Wlliam Gilmore Simms
Selections from the Letters and Speeches of the Hon. James H. Hammond, of South Carolina >> Speech on the Justice of Receiving Petitions for the Abolition of Slavery in the District of Columbia >> Page 31

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Speech | The Reprint Company; John F. Trow & Co. | 1866, 1978
Transcription 31
volume which I hold in my hand. It is a treatise on
this 'subject entitled " Jay's Inquiry "´┐Żwritten by Wil-
liam Jay, a judge, I believe, of the State of New York,
and a son of the distinguished John Jay. More than
five thousand copies of this work, I am told, have been
sold. He says, " the Society aimed at effecting the fol-
lowing objects',- viz. :
" 1st. The immediate Abolition of Slavery through-
out the United States.
" 2d.. As a- necessary consequence, the suppression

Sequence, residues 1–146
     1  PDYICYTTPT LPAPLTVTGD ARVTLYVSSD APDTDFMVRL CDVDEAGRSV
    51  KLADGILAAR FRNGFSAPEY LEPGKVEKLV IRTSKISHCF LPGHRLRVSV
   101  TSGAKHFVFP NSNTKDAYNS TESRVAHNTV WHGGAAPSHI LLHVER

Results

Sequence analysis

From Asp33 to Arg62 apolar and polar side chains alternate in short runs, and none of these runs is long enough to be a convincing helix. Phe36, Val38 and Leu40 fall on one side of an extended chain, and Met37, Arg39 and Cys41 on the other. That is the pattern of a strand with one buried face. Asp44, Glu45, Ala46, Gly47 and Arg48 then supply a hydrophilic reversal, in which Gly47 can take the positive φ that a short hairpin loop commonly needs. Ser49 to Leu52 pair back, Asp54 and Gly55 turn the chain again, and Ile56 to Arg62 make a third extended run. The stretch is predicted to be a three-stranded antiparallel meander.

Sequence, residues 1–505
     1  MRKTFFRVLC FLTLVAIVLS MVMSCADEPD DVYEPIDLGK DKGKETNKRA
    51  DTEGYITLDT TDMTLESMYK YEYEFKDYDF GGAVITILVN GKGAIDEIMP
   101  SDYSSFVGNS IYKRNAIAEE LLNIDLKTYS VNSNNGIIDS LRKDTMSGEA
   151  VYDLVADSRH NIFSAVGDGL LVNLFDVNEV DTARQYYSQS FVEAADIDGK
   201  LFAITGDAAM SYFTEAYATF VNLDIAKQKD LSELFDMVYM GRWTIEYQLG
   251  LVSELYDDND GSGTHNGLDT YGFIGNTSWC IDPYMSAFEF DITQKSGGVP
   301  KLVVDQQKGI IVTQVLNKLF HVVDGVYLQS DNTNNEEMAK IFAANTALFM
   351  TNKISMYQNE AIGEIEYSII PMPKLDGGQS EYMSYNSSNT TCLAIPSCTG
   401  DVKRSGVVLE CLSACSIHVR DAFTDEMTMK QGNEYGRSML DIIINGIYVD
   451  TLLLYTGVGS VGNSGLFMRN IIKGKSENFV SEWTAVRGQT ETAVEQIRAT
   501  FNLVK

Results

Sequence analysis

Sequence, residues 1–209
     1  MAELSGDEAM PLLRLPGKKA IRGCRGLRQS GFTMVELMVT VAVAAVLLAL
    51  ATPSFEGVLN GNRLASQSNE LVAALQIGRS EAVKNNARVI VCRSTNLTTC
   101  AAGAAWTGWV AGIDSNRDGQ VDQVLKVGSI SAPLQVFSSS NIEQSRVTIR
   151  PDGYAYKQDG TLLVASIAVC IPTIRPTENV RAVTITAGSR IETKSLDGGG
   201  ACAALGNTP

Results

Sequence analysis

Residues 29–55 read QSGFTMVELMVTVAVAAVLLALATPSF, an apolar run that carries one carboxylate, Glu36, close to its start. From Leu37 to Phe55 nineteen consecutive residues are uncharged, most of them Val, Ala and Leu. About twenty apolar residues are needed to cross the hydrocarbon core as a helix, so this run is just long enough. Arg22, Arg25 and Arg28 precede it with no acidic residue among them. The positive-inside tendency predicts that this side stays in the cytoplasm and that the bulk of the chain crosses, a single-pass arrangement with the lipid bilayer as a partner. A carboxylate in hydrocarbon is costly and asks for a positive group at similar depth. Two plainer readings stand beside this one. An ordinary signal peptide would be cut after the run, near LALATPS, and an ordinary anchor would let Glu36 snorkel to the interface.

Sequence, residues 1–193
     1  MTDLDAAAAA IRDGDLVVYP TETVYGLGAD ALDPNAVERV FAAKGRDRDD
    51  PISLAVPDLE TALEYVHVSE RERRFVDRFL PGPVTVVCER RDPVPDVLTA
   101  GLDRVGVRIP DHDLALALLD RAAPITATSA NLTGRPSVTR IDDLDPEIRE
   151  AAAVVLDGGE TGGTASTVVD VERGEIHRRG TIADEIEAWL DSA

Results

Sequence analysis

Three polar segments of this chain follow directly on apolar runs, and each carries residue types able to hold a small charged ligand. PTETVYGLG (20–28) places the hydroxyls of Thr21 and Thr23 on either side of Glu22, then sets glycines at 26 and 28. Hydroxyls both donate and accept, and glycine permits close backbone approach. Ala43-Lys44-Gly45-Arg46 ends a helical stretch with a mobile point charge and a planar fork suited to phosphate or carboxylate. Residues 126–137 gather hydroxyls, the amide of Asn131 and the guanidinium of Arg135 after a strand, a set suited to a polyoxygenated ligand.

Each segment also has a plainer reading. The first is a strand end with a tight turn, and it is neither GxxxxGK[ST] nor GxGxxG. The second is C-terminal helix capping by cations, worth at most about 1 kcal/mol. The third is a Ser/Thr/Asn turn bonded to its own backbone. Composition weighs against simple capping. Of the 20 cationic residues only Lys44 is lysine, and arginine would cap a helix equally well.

of the American Slave-Trade.
" 3d. The ultimate elevation of the black popula-
tion to an equality 'with the white in civil and reli-
gious privileges." p. 141.
Sir, the abolition cf slavery can be expected to be
effected in but three ways : through the medium of
the: slaveholder or -the Government--or the slaves
themselves.
I think I may say that , any appeal to the slave-
holders will be in vain, In the whole history of the
question of Emancipation in Europe or America, I do
not remember a dozen instances of masters freeing
their : slaves, at least during their own lifetime, from
any qualms of conscience. If they are seized with
these qualms, they usually sell their slaves first, and
then give in their adhesion to the cause, as has been
the case with many whom I could mention.
The. Abolitionist can appeal only to the hopes or
fears or' interest of the slaveholder to induce him to
emancipate his' slaves. So far as our hopes are con-
cerned, I believe I can say. we are perfectly satisfied.
We have been born and bred in a slave-country. Our
habits are accommodated to them, and so far as we. have